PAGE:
The December 2017 conference on tackling transmission of HIV from mothers to children was distinctively Burkinabé. Participants sat in a square format under tents as they would for a traditional gathering. But there was something else about the meeting that captured Burkina Faso’s battle against HIV/AIDS. Amid the health workers and UNAIDS officials sat a woman in a blue dress and a yellow stole — the country’s first lady.
Elsewhere, a first lady attending such an event could well be dismissed as mere symbolism. But in Burkina Faso, say experts and international donors, her presence highlighted a different reality — an unmatched success story where political will has been key.
Just 17 years ago, the landlocked West African nation had an HIV/AIDS prevalence rate of 2.3 percent, according to UNAIDS data. Since then, Burkina Faso has emerged as the world’s most successful combatant against the condition.
Burkina Faso cut its HIV prevalence rate from 2.3 percent in 2001 to 0.8 percent in 2016 — a drop of 65 percent, the most by any country.
The next most successful countries in this 15-year period are the Dominican Republic, which reduced the prevalence rate by 56 percent, from 2.3 percent to 1 percent, and Togo, which brought the number down by 53 percent, from 4.5 percent to 2.1 percent.
“Burkina Faso is making great strides to improve access to health-care services for the most vulnerable populations,” says Mark Eldon-Edington, head of grant management at the Switzerland-based international financing organization the Global Fund, which supports more than 17,700 community health workers in Burkina Faso.
To be sure, the country still faces challenges in areas that tax even developed nations, including vulnerable populations like female sex workers (FSWs) and men who have sex with men. “Despite the continuous decline of HIV prevalence among the general population of reproductive age,” writes Burkinabe researcher Henri Gautier Ouedraogo in the conclusion of a 2017 study of five major cities in the country, “the prevalence among FSWs is still very high.” The study found that, in the capital, Ouagadougou, for instance, the prevalence rate among FSWs was 8 percent — 10 times the national average.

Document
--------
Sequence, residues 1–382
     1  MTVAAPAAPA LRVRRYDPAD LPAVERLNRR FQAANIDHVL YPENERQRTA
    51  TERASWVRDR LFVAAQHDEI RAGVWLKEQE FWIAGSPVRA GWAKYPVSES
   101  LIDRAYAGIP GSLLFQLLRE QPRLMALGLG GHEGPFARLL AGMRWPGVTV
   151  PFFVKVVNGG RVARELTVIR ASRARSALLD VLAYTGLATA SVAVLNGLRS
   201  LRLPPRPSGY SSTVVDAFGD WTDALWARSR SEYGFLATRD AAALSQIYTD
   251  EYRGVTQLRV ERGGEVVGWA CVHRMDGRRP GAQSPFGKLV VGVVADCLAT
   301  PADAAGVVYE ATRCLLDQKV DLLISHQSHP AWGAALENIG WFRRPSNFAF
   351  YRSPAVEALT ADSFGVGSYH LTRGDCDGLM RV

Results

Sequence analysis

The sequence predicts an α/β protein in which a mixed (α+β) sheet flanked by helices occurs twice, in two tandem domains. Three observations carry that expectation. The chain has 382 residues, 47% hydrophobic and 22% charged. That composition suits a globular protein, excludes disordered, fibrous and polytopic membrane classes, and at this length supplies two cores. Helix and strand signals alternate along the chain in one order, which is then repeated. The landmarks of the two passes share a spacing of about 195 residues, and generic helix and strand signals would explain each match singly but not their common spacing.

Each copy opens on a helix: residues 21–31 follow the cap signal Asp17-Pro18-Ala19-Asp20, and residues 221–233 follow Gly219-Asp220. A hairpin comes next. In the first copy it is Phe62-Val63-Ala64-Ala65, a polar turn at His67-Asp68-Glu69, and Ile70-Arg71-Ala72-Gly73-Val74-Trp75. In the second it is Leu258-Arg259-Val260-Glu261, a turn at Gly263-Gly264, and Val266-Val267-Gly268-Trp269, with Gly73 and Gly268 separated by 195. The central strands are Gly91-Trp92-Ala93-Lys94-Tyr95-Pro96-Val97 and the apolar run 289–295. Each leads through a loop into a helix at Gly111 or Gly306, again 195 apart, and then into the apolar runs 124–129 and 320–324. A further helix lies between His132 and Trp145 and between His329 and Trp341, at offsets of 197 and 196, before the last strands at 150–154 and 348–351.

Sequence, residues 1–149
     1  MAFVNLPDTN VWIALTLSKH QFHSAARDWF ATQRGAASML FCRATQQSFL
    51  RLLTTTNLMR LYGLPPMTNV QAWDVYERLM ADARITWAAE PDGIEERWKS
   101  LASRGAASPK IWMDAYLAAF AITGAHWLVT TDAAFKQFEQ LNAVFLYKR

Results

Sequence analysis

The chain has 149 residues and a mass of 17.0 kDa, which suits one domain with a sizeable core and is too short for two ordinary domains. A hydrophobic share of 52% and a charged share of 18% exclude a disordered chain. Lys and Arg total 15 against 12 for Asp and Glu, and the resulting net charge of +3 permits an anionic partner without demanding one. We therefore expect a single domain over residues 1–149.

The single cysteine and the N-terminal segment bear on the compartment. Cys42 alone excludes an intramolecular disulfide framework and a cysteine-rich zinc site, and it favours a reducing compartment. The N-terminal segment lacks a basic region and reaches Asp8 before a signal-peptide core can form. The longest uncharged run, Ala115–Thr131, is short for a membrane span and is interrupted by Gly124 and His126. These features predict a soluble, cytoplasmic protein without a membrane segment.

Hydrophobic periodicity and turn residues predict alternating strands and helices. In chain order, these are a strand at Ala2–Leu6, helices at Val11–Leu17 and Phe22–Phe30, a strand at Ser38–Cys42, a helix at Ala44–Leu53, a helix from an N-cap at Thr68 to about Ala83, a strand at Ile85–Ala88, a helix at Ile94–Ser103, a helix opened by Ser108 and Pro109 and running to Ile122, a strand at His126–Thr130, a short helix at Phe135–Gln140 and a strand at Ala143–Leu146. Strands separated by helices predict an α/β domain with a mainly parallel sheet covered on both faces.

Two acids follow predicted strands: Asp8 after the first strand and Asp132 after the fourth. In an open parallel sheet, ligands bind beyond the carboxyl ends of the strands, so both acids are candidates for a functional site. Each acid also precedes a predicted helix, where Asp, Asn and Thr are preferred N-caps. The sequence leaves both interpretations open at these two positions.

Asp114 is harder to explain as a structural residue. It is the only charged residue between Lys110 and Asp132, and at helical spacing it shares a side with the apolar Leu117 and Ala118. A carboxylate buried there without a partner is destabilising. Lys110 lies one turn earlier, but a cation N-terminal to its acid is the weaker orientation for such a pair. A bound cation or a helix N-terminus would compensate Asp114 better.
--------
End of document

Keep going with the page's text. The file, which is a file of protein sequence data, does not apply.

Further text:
Still, say experts, Burkina Faso’s unparalleled gains have been nothing short of dramatic — and are rooted in a combination of factors that differentiate it from others. Unlike many developing nations, including those in West and Central Africa, Burkina Faso has made significant domestic investments into the prevention of the spread of HIV. Instead of depending predominantly on foreign aid, the country pays for 60 percent of its HIV prevention program.
The country has been among the first in the region to have implemented the B+ initiative aimed at preventing mother-to-child transmission of HIV by providing antiretroviral therapy to all pregnant women who test HIV positive. Burkina Faso has been working with major international partners including the University of Oslo, the Bill and Melinda Gates Foundation, Terre des Hommes and the Global Fund to develop and implement innovative data collection and management methods. In 2016, the country introduced a free health-care initiative for children under 5 and for pregnant women, helping remove a key access barrier for vulnerable populations. It has recently adopted a strategy of treating all citizens diagnosed with HIV, irrespective of how they fare on other immunity-related parameters.
And then there is political leadership that has remained remarkably consistent on tackling HIV/AIDS, both when the country was ruled by dictator Blaise Compaore till 2014 — when he was deposed — and subsequently, by democratically elected leaders. “Burkina Faso benefits from a strong political leadership in the fight against HIV,” says Eldon-Edington. Current President Roch Marc Christian Kaboré chairs the National Aids Council of Burkina Faso and has committed that he will lead at least one session of the council every year. And his wife, Sika Bella Kaboré, who addressed the December 2017 conference, serves as a goodwill ambassador for UNAIDS in the country.
Burkina Faso’s accomplishments stand out even more when seen in the context of how it compared to other, richer West African nations some years back and how they stack up now. In 2001, Nigeria — Africa’s largest economy — had an HIV prevalence rate of 1.6 percent, Cameroon 0.8 percent and Benin just 0.2 percent, compared to Burkina Faso’s 2.3 percent. By 2016, Nigeria’s prevalence rate had risen to 2.9 percent, Cameroon’s to 3.8 percent and Benin’s to 1 percent, while Burkina Faso slashed its HIV incidence to a third of what it was.
These gains aren’t irreversible. And even with the country’s own investments against HIV/AIDS, international agencies need to remain engaged, suggests Eldon-Edington. “To stay on the right side of the tipping point and to accelerate the end of the epidemic, investments by the international community remain crucial, he says.
For the moment, though, Burkina Faso remains a beacon of hope, its model of success against HIV/AIDS a reminder that wealth isn’t always the best bet against some of mankind’s biggest challenges.
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